May 23, 2006
The Congressional Testimony of Conscientious Objector Kevin Benderman, and Monica Benderman
Thank you for giving me this
time today. I would like to preface my comments to Congressional
representatives by reading a statement from my husband, Kevin
Benderman, a US Army Sgt. who is currently serving a 15-month sentence
at the Regional Corrections Facility, Ft. Lewis, Washington.
May 16th Monica Benderman was invited to participate in a
Congressional Briefing hosted by Congresswoman Cynthia McKinney, at the
Longworth Office Building, Washington DC. This briefing was to
call attention to Conscientious Objection and Military Recruitment
practices. Monica's husband, Kevin, is currently serving a prison
sentence for refusing to return to Iraq. He was recently denied
parole because he has not been sufficiently 'rehabilitated.' Below
is a transcript of her testimony.
have prepared this statement to address the injustice I have been dealt
by the US Army after I made the decision to apply for Conscientious
Objector status. I made this decision after my return from Iraq
where I witnessed and experienced for myself the insanity of war. What
I learned from my experience is that war is a waste of humanity.
We kill many people in the name of keeping the peace - an oxymoron if
there ever was one. After many months of contemplation I reached
the conclusion that I no longer wanted to contribute to the ultimate
violence toward other human beings that war is.
I attempted to
discuss my feelings with a chaplain assigned to my military unit, but I
got the sense that talking with him would be a less than worthwhile way
to cope with these feelings. Ultimately, my initial impression of
him proved correct when I received an email from him stating how
ashamed of me he felt, and that I had displayed little moral fortitude
in my decision.
The command structure of my unit was
hostile towards me in their zealous need to have me prosecuted for
having developed a desire to live a more peaceful, humane
existence. I was ridiculed publicly, called a coward, subjected
to a farce of a general court martial, and falsely imprisoned.
company commander refused to follow military regulations in regard to
my Conscientious Objector application and the battalion commander
blatantly disregarded a request from a congressional representative to
examine my application in an unbiased manner.
Court Martial Convening Authority blatantly abused his position of
authority when he told the Ft. Stewart JAG office and the prosecuting
attorneys how long my sentence would be prior to an investigation into
charges they were considering against me. This action is a
flagrant violation of my right to a fair and unbiased hearing accorded
me by the Uniform Code of Military Justice.
The Rear Detachment
commander also tried to dredge up any other groundless charges to press
against me that he could. Two charges of Larceny were brought in
to try to further tarnish my reputation, which eventually proved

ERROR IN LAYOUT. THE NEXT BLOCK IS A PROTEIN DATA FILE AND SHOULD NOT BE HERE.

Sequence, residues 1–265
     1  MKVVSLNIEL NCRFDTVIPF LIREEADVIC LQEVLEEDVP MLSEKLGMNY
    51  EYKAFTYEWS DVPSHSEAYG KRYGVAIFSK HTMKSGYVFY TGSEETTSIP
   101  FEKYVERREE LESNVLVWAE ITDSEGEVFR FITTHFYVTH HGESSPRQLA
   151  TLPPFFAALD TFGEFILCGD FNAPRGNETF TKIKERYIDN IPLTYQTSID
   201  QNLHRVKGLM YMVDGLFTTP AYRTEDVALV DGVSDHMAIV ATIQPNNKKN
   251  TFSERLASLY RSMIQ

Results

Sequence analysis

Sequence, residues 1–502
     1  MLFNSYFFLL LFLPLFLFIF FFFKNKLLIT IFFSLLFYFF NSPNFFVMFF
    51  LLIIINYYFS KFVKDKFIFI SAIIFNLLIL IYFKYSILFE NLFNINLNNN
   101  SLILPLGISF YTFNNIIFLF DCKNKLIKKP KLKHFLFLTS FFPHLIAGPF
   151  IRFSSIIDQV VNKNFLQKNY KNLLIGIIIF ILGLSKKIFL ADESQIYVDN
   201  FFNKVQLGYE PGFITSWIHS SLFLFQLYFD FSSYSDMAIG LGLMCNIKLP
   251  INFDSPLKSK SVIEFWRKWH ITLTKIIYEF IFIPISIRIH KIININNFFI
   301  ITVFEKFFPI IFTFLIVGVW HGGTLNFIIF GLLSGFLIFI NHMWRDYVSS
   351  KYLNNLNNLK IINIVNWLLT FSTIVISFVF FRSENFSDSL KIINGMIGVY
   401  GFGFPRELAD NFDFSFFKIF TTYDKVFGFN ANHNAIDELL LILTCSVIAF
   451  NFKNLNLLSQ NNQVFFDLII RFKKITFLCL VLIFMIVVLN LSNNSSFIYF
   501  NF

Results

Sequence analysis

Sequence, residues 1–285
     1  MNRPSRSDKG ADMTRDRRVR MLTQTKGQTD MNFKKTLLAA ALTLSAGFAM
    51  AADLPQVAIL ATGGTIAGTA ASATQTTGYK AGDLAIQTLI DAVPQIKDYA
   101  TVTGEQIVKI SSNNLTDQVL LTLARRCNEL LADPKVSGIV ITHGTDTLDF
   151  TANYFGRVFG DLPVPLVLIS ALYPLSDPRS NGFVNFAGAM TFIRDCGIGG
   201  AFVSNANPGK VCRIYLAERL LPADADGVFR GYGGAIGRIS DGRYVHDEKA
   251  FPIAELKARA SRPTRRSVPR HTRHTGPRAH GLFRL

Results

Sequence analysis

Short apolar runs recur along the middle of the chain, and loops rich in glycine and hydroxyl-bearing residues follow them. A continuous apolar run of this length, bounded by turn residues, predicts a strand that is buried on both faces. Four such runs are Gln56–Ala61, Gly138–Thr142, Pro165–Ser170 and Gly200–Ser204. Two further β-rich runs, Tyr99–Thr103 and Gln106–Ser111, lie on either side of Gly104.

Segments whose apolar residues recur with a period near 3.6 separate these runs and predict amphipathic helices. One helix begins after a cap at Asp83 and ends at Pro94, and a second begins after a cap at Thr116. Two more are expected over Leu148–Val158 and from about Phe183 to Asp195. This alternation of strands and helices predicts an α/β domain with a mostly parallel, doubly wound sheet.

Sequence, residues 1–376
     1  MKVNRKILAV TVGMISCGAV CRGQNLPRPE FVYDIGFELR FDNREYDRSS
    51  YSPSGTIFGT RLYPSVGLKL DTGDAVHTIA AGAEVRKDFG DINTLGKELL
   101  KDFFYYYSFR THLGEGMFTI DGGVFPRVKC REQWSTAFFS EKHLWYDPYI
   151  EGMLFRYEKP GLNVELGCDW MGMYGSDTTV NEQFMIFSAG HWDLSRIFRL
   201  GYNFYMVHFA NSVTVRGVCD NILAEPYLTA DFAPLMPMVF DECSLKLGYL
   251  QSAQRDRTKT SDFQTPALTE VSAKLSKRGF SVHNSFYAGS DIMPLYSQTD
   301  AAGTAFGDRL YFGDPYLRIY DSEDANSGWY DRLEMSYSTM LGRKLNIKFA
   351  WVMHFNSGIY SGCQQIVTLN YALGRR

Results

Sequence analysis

groundless, but not before they were used as a threat to encourage me
to plead guilty to an act I did not commit.
It is my
desire to prevent other soldiers from having to deal with corrupt and
unethical individuals like these commanders. I would like to see
legislation passed that would prevent any type of abuses from those
serving in positions of authority within the military system. The
people who voluntarily decide to wear this nation's uniform already
sacrifice far more than the average citizen. Their basic civil
rights should not be sacrificed as well to the unethical whims of
corrupt individuals who may hold a higher rank, but exhibit far less
humanity. Any assistance in rectifying this situation would be
greatly appreciated, and I would like to thank those who made it
possible for me to present my remarks here today. I would also
like to thank those of you who have taken time to hear what I have had
to say. Sincerely - Sgt. Kevin Benderman
I will address my comments to the Members of Congress:
one of you is in office having been elected on the basis of promises
you made. In taking that office, each one of you took an oath to
honor the Constitution of this country, and you did so by swearing to
An American soldier, a volunteer, takes the
same oath. His commitment to that oath is based on the promises
of our elected leaders. But a true leader is not someone who
blindly follows laws written by men. A true leader is someone who
leads with adherence to his own obligation to humanity.
you, during your tenure and contract to serve as Congressional leaders,
were asked to participate in an action that violated your own
conscience and your own principles of humanity, would you take a stand
against that action?
If you were to step down, no longer
willing to participate in an immoral, illegal action, would you have
charges brought against you?
Would you be sent to jail for your beliefs? Would you go willingly?
Would you allow this to happen to any member who serves with you who also acted on their conscience?
a volunteer, an American soldier has every right to question the
purpose of his sacrifice, and to expect that sacrifice to be honored
with integrity and honesty, and to be allowed to follow his conscience
when orders given violate his own principles of humanity.
of Choice is one of the most significant principles on which our
country was founded. Conscientious Objection is the true exercise
of a soldier's right to choose.
Do you understand what it takes to publicly declare yourself a Conscientious Objector today?
you aware of the process an American soldier must go through to be
granted Conscientious Objector status in today's volunteer army?
My husband, Sgt. Kevin Benderman, is a ten year veteran of the US Army, and has
with distinction. He served a combat tour in Iraq and was awarded
two commendation medals for his service there. While in Iraq, my
husband's firsthand experiences changed him.